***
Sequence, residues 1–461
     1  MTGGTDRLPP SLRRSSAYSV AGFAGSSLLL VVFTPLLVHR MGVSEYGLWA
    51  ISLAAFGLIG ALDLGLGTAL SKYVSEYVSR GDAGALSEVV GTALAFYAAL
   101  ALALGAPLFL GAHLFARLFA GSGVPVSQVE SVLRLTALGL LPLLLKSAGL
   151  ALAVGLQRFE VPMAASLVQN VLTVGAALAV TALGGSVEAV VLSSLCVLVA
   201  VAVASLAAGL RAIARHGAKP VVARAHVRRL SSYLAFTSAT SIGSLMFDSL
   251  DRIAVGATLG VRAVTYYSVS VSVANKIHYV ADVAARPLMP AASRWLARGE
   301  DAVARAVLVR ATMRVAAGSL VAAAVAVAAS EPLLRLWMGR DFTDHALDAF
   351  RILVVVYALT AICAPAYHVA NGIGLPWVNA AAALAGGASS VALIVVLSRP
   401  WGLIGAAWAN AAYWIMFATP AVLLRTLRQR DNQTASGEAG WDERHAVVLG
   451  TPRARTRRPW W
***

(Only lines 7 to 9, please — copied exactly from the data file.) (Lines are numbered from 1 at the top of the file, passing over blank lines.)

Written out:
   251  DRIAVGATLG VRAVTYYSVS VSVANKIHYV ADVAARPLMP AASRWLARGE
   301  DAVARAVLVR ATMRVAAGSL VAAAVAVAAS EPLLRLWMGR DFTDHALDAF
   351  RILVVVYALT AICAPAYHVA NGIGLPWVNA AAALAGGASS VALIVVLSRP